Firefighters fill Washington, Plymouth motels
Published 3:34 am Tuesday, June 10, 2008
Area motels to Summer Festival attendants: No vacancy
By TED STRONG
After a long day working in intense heat and dense smoke, firefighters combatting the Evans Road fire go to area motels to shower, enjoy air conditioning and grab some sleep before heading out again at the crack of dawn.
But their sheer numbers — 254 as of noon Monday, with more on the way — mean that other folks trying to book a room as Father’s Day and the Washington Summer Festival approach could be out of luck.
Most of the firefighters are clustered at large motels in Washington or Plymouth.
Gill’s motel has 39 rooms filled with firefighters. And rooms at other establishments are filled, too, either by firefighters or by travelers displaced from other establishments by firefighters.
Washington will host its annual Summer Festival this weekend. The event is expected to draw a crowd of close to 30,000.
The Washington/Beaufort County chamber of commerce is recommending that travelers who find no room at the inn at Washington motels try local bed and breakfasts, or head to Greenville or Williamston, said Assistant Director Ann Crumpler.
Organizers of the new Washington Triathlon, which will be held Saturday, had already reserved a block of rooms for the event, Crumpler said.
Existing reservations will be honored but new reservations are tough to get, said Tammie Maye, front desk manager at the Comfort Inn in Washington.
The Comfort Inn has more than 40 firefighters, Maye said.
Hotel managers said no special accommodations have to be made for the firefighters, but that coffee and other breakfast items tend to be put out a little earlier, because the firefighters leave.
Motel rooms are paid for using per-diem rates that apply to all state employees, though the money is handled centrally, said Bill Swartley, the forest service’s chief spokesman on scene in Hyde County.
Firefighters will likely be in the area for weeks, trying to make sure that the fire, which is largely underground, is fully extinguished.
In the long term, the costs of fighting the fire — which include lodging — will be split between the state and federal governments, said N.C. Division of Forestry liaison officer Larry Such. The split will likely be based on the proportion of state to federal land burned by the fire.
And a chunk of that cash will go to local governments, many of which charge occupancy taxes, designed to fund programs to draw visitors. Local taxes range from 3 to 6 percent of room rates and are often split with local tourism authorities. In the fiscal year that ran from 2005 to 2006 — the most recent year for which data is available — Hyde County took in more than $355,000 and kept more than $35,000, while the City of Washington took in more than $235,000 and kept over $7,000.
Hyde school housing firefighters school
More on the wayto help contain blaze
By DAN PARSONS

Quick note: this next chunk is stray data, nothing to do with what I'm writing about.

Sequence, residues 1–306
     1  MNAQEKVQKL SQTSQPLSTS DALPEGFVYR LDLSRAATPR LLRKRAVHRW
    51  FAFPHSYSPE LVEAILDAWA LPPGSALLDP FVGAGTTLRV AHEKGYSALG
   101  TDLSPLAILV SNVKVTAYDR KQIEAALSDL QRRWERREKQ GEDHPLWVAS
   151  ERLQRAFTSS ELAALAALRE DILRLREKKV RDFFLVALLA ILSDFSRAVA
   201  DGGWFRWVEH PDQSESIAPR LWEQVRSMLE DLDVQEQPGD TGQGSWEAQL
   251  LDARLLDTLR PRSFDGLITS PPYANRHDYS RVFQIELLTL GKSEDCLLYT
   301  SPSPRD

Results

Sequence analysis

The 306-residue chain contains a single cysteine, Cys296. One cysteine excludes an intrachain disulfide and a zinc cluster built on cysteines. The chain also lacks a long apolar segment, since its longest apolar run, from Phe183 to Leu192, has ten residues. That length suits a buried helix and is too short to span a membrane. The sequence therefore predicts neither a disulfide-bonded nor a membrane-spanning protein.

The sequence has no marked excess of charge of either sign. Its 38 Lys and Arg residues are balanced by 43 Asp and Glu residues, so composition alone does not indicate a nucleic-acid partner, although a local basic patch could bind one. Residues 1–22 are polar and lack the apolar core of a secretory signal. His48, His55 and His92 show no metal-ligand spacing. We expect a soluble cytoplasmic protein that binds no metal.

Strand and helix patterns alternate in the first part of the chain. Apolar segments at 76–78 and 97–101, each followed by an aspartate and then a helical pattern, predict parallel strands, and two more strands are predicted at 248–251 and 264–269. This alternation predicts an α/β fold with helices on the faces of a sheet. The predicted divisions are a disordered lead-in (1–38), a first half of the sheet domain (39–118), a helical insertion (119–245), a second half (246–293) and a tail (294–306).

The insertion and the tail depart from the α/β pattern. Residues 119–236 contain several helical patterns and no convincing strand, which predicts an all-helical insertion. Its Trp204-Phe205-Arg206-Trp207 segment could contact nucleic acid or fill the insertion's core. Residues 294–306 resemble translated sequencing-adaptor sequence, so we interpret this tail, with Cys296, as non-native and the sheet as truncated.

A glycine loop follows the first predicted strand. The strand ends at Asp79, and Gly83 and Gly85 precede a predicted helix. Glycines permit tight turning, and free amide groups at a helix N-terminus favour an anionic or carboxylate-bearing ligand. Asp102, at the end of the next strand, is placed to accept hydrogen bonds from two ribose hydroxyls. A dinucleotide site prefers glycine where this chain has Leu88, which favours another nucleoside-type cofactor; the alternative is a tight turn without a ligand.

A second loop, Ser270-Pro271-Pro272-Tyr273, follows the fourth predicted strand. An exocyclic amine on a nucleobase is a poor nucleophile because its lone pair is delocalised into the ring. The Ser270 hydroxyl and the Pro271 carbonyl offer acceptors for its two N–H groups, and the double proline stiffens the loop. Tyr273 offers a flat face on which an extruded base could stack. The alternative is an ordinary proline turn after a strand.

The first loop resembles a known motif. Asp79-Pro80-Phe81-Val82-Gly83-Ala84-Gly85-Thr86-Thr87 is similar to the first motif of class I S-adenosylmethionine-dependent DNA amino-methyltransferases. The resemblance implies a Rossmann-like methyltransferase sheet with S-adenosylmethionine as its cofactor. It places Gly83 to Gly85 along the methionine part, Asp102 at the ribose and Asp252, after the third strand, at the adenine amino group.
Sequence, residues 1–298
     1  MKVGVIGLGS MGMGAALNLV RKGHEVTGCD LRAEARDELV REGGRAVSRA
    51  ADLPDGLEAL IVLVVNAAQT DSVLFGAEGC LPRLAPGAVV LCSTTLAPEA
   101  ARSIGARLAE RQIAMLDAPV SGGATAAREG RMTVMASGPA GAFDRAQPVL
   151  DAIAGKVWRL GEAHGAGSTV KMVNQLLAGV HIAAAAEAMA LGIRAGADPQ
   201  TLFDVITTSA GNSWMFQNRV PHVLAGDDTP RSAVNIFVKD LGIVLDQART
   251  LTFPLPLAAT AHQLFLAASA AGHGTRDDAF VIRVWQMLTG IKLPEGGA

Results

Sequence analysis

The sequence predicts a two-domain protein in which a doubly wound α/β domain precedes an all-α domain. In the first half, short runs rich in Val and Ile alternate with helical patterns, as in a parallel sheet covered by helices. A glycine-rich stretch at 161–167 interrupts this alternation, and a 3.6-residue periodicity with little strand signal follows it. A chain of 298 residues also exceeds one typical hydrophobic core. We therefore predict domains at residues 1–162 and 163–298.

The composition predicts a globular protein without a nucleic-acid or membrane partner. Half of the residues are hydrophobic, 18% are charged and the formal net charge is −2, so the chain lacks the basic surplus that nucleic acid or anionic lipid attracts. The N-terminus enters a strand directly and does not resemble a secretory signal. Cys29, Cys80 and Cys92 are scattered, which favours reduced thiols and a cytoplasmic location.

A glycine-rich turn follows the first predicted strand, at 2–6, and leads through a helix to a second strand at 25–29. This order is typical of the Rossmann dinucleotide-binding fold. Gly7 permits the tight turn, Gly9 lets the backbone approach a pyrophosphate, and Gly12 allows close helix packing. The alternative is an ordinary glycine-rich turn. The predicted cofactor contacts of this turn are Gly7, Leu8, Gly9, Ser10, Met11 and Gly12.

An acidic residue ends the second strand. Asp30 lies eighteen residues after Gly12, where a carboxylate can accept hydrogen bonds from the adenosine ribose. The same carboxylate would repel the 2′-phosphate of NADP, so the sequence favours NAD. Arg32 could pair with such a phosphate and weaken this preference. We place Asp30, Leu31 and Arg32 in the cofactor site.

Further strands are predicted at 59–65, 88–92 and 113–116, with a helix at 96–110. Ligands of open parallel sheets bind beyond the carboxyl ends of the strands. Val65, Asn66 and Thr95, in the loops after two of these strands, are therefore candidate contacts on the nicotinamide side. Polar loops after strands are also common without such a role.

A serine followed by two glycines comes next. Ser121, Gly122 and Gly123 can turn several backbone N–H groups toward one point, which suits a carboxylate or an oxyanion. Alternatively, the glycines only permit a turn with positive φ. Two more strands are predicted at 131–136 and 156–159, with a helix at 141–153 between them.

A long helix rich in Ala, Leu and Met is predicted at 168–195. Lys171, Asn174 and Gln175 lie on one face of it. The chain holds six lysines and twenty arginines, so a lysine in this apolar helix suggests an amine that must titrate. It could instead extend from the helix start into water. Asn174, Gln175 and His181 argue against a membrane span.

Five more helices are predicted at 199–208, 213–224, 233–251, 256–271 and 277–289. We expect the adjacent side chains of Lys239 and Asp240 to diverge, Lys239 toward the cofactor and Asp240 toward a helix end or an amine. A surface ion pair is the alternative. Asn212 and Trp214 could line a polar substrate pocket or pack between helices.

SWAN QUARTER — Students at Mattamuskeet High School have some company as they finish their end-of-year testing — a gymnasium full of firefighters from all over North Carolina.
The school is being used as a staging area for 140 firefighters from 25 volunteer fire departments that have responded to the Evans Road fire burning in Washington, Hyde and Tyrrell counties. The firefighters have been brought to Hyde County to relieve local firefighters on the fire line and to provide structure protection if the fire should continue advancing east toward inhabited buildings.
Some of the firefighters staged there had a harrowing journey to lend a helping hand to eastern North Carolina. One crew from Nashville road a fire engine two and a half hours without air conditioning Monday, which sported temperatures near 100 degrees.
The school’s gymnasium floor is lined with cots, on which the firefighters can catch some sleep between shifts on the fire line. The N.C. Baptist Men, the organization operating the “camp,” is also providing firefighters with three meals a day and movie screenings.
But, even when asleep or at play, the firefighters are trained to be ready for dispatch within three minutes, Prevatte said. The firefighters and the 33 fire engines and trucks they brought with them are on standby to respond if the wildfire jumps any one of several predetermined “trigger points,” she said.
When deployed, those stationed at Mattamuskeet School will not be in the field alone. Firefighters from Washington, Beaufort, Tyrrell and Washington counties had been joined by at least 254 members of the N.C. Forest Service and the U.S. Fish and Wildlife Service as of mid-day Monday. Support personnel have also responded from Mississippi, Tennessee and South Carolina and more firefighters are arriving daily, according to Bill Swartley, the state forest service’s chief spokesman on scene in Hyde County. North Carolina is a member of the Southeast Compact, a league of states whose forestry services aid each other in responding to large incidents.
The fire, which was ignited June 1 by a lightning strike, had burned 32,556 acres in Washington, Tyrrell and Hyde counties and was 40 percent contained as of Monday. Winds out of the west continue to push the fire and its smoke column n to the east into the Pocosin Lakes National Wildlife refuge. More than half the acreage burned is federal land within the refuge, parts of which are closed to the public for safety reasons.
A pumping operation to transport water from Lake Phelps to the northeast perimeter of the fire is underway and running around the clock, Swartley said. That work is aimed at stopping the fire from progressing further east by wetting the ground in front of it. Mechanical pumps — some that can move 6,000 gallons per minute — are dumping lake water into canals in the area.
Swartley doesn’t know when that will be. Ground fires in the area often smolder for weeks or months.